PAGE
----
But there is only one name that saves eternally, the Lord Jesus Christ. The words of our text were spoken by the apostle Peter. In his epistle, John also stresses this fact: “He that hath the Son hath life; and he that hath not the Son of God hath not life” (1 John 5:12). The apostle Paul wrote that all those “that obey not the gospel of our Lord Jesus Christ . . . shall be punished with everlasting destruction from the presence of the Lord” (2 Thessalonians 1:8-9).
This exclusivity necessarily results from the fact that there is only one God and Creator of all men, and that all men have rebelled against Him. God Himself has become Redeemer and Savior, dying for the sin of the world and rising again. There can, therefore, be no other Savior than God Himself.
The Lord Jesus repeatedly stressed this truth. “I am the way, the truth, and the life: no man cometh unto the Father, but by me” (John 14:6). “He that believeth on him is not condemned: but he that believeth not is condemned already, because he hath not believed in the name of the only begotten Son of God” (John 3:18). “If ye believe not that I am he, ye shall die in your sins” (John 8:24).
It is urgent, therefore, that anyone desiring forgiveness of sin and eternal salvation come to God through Jesus Christ. “He that believeth on the Son hath everlasting life: and he that believeth not the Son shall not see life: but the wrath of God abideth on him” (John 3:36). HMM
The sad case of Samson reminds us of the warnings of the book of Proverbs, against that treacherous form of sin. Evil company is always dangerous, but association with persons of impure life is deadly. May the young men of the household lay this days lesson to heart; it has been hard to write, but a sense of duty forced it upon us.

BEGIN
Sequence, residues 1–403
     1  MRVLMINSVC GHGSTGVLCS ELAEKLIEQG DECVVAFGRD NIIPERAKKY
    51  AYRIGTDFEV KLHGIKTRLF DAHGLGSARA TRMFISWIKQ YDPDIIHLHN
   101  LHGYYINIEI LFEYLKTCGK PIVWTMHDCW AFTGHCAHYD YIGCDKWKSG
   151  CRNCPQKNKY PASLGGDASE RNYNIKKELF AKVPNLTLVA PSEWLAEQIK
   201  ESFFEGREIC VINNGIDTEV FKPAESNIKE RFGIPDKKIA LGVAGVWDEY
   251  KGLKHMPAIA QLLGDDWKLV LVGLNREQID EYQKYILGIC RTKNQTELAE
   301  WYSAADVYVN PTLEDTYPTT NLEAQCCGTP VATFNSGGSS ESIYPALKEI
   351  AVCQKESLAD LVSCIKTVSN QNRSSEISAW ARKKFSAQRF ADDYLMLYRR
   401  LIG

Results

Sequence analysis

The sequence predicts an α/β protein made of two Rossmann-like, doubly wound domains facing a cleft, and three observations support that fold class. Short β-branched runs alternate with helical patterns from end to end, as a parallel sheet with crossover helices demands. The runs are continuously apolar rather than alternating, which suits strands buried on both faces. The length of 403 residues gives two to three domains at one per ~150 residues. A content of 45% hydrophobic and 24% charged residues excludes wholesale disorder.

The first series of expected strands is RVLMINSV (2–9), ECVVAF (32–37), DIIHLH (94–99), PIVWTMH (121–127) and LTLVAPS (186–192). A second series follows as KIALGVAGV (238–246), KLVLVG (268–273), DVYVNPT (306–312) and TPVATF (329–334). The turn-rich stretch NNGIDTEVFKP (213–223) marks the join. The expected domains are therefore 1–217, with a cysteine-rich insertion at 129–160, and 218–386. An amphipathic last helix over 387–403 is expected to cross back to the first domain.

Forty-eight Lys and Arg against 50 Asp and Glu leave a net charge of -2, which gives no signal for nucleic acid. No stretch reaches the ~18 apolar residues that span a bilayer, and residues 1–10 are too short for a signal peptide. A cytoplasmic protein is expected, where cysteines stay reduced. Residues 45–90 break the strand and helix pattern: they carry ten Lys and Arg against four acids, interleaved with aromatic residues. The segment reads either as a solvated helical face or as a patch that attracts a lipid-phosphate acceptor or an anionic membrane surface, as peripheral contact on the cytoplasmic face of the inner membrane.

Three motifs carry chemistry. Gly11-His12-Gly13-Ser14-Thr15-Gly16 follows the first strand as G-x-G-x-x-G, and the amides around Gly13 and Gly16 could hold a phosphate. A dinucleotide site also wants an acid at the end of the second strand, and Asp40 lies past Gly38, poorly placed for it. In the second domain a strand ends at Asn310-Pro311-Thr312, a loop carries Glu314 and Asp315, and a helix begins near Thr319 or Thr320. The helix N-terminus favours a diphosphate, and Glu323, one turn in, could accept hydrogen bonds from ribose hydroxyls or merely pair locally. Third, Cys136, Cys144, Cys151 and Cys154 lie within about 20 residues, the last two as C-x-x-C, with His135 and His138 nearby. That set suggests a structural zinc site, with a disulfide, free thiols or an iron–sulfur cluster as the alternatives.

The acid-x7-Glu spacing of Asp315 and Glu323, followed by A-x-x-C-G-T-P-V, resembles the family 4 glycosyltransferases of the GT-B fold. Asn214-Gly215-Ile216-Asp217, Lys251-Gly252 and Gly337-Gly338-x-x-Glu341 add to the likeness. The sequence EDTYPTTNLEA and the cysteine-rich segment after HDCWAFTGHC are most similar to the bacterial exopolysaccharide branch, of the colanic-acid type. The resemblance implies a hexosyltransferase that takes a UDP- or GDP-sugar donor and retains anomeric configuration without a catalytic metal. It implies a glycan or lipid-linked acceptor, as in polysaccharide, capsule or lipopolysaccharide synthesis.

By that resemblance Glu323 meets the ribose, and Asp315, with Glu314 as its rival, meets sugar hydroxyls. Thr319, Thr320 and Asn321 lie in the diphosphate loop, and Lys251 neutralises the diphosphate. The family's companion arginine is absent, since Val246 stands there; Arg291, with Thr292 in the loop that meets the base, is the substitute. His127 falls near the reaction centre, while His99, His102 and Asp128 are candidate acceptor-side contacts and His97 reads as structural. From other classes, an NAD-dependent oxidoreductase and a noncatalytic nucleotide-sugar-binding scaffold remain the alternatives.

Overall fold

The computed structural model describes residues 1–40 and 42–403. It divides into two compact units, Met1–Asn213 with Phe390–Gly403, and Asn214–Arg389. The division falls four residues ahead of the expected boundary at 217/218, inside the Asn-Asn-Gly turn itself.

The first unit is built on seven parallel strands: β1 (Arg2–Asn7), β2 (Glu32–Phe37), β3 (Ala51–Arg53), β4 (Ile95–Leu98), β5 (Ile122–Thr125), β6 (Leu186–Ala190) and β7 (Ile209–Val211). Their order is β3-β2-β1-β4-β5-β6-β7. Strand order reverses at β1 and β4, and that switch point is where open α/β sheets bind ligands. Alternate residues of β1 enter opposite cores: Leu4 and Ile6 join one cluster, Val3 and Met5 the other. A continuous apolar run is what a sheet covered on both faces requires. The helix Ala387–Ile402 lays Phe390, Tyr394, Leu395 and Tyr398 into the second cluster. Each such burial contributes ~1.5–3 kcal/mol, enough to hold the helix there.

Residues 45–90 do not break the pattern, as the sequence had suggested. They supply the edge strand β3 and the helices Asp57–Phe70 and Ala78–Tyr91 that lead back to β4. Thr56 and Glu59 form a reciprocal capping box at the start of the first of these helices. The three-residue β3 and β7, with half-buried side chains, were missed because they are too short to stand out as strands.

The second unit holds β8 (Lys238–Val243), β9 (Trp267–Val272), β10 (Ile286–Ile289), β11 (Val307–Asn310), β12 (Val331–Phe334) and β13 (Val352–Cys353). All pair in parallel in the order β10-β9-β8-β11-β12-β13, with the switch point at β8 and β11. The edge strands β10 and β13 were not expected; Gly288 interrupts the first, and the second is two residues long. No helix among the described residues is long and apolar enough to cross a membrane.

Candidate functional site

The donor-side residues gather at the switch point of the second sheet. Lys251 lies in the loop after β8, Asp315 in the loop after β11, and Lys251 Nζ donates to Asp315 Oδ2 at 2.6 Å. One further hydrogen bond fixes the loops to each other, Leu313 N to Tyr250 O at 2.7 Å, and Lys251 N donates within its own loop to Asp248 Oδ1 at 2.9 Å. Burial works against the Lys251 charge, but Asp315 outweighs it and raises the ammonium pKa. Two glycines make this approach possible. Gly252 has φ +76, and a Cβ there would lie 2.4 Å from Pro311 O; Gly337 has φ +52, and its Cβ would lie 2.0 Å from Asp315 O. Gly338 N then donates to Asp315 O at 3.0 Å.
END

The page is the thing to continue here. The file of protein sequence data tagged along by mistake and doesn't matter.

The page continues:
Treasure up this warning as a precious thing, it may save you from a wretched old age.
Proverbs 7:2, 3
Have right principles at your fingers’ ends, and in your heart’s core.
Proverbs 7:4, 5
As good women are our greatest blessings, so are bad women among the worst curses in the world. Flee from them, listen not to their words. To shew how wicked they are, Solomon tells us a tale of real life, which we will read with earnest prayer, that none of this household may ever imitate the foolish victim.
Proverbs 7:6, 7
Without grace in his heart, or sense in his head,
He had better have gone miles round than pass the spot,
Proverbs 7:9, 10
Late hours lead to no good.
Proverbs 7:11, 12
Had she been a fit companion she would have been at home.
O the wickedness of those who mix up religion with their filthiness; but this was a part of the bait with which to entrap the foolish young man.
This was another falsehood, she cared no more for him than for anybody else. O beware of these deceivers.
What a servant of Satan was she! There are many like her, who take fools in their nets.
The ox has no idea of what is coming, or he would never enter the slaughter-house: wicked young men little know the terrible remits of sin,
The drunkard smiles when set in the stocks, as if it were rare fun; so do foolish men dream that sin is pleasure.
His vital parts shall suffer for his folly, pain shall succeed his pleasures;